Journal of General Internal Medicine

, Volume 27, Issue 11, pp 1544–1547 | Cite as

Leveraging Insights from Behavioral Economics to Increase the Value of Health-Care Service Provision

  • Mitesh S. Patel
  • Kevin G. Volpp


United States health expenditures continue to escalate at unsustainable rates. A recent movement around increasing price transparency has been suggested as a way of reducing the rate of increase in expenditures, with legislative efforts taking place at both the state and federal level. While this seems on the surface like a good idea, simply providing information on prices to physicians, particularly trainees, may not achieve the type of large changes in practice patterns that proponents expect. The manner in which price transparency is implemented will likely play a significant role in its effectiveness as an intervention. In this article, the authors review efforts of transparency and default options from other contexts and leverage insights from behavioral economics to provide recommendations for increasing the likelihood that price transparency will lead to physicians weighing the relative value of interventions.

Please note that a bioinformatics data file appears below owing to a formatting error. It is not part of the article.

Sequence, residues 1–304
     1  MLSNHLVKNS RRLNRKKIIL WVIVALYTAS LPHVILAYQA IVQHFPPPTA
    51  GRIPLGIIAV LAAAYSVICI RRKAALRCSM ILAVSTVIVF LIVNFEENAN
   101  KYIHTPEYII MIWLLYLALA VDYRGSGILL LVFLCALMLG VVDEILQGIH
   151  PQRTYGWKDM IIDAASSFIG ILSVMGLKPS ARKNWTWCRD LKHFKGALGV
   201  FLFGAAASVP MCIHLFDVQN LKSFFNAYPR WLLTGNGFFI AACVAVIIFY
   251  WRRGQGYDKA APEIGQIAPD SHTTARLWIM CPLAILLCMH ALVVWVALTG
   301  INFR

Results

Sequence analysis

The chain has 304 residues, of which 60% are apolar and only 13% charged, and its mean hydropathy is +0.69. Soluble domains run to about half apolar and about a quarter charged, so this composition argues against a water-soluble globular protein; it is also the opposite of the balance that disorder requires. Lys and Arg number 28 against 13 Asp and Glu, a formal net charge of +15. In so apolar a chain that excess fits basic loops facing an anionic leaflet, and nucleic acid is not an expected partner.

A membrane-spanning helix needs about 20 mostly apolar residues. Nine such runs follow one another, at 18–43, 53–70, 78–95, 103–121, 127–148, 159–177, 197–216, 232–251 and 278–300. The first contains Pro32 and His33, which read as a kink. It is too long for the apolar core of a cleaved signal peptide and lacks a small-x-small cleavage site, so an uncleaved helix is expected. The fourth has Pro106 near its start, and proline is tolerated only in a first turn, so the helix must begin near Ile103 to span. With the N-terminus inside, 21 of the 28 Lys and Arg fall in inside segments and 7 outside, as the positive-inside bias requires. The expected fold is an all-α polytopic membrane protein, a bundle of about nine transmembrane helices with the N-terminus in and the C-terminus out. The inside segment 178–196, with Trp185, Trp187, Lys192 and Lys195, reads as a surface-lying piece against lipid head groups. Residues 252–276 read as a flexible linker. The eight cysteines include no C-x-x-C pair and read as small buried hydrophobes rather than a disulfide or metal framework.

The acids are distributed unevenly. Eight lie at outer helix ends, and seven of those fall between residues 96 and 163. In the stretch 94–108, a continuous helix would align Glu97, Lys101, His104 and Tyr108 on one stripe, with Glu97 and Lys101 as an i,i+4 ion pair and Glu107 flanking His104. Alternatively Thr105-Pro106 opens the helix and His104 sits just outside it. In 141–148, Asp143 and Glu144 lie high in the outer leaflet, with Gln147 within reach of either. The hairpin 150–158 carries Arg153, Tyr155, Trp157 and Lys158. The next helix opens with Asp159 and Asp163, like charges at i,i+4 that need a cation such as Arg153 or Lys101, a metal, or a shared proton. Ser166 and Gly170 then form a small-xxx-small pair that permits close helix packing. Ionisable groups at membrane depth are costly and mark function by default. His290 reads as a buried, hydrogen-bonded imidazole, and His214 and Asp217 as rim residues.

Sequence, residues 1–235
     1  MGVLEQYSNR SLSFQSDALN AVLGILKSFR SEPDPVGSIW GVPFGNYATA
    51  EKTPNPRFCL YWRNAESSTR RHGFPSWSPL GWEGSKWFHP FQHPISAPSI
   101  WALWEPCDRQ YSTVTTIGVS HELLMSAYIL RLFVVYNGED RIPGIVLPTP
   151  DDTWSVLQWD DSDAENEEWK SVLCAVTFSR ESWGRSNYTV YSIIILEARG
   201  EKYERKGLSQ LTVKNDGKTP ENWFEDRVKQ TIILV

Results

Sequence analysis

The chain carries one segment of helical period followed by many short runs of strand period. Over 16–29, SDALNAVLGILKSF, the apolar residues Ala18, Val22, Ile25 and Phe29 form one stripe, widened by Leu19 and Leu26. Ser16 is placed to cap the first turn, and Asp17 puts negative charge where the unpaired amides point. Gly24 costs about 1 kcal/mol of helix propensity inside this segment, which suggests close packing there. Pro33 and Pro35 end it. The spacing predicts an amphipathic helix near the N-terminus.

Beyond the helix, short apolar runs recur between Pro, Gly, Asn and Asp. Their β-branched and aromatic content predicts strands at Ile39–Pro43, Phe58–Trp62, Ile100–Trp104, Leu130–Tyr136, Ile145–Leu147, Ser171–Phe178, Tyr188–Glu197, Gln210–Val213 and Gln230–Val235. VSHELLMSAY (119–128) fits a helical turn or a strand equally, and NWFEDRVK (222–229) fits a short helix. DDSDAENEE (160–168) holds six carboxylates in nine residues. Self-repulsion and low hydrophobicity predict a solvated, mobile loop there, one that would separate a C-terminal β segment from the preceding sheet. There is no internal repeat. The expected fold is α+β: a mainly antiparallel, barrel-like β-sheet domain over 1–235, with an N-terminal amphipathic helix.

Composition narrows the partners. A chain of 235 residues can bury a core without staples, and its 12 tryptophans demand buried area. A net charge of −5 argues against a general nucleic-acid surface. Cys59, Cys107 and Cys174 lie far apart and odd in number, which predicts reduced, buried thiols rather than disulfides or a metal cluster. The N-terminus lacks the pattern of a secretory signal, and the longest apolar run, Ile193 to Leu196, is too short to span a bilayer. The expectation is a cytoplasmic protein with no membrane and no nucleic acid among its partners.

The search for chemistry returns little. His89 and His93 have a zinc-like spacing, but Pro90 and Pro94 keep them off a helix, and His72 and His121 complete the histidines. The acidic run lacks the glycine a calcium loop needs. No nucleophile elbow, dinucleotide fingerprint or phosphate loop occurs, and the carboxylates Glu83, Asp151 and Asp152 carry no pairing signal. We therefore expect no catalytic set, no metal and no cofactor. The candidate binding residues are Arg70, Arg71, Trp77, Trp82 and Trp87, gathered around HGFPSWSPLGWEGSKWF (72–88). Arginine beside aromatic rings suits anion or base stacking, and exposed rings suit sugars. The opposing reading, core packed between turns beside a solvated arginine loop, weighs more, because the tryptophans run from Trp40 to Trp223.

health-care costs health-care value restaurant food labeling asymmetric paternalism nudges 



The authors have no funding sources to report.

Conflict of Interest

Dr. Mitesh Patel declares he has no conflicts of interest. He discloses being the co-founder of Docphin Inc.

Dr. Kevin Volpp declares he has no conflicts of interest.


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Copyright information

© Society of General Internal Medicine 2012

Authors and Affiliations

  1. 1.Department of MedicineHospital of the University of PennsylvaniaPhiladelphiaUSA
  2. 2.Center for Health Equity Research and PromotionPhiladelphia VA Medical CenterPhiladelphiaUSA
  3. 3.Center for Health Incentives and Behavioral EconomicsThe Leonard Davis Institute of Health EconomicsPhiladelphiaUSA
  4. 4.Penn CMU Roybal P30 Center on Behavioral Economics and HealthPhiladelphiaUSA
  5. 5.The Wharton SchoolUniversity of PennsylvaniaPhiladelphiaUSA
  6. 6.Perelman School of MedicineUniversity of PennsylvaniaPhiladelphiaUSA

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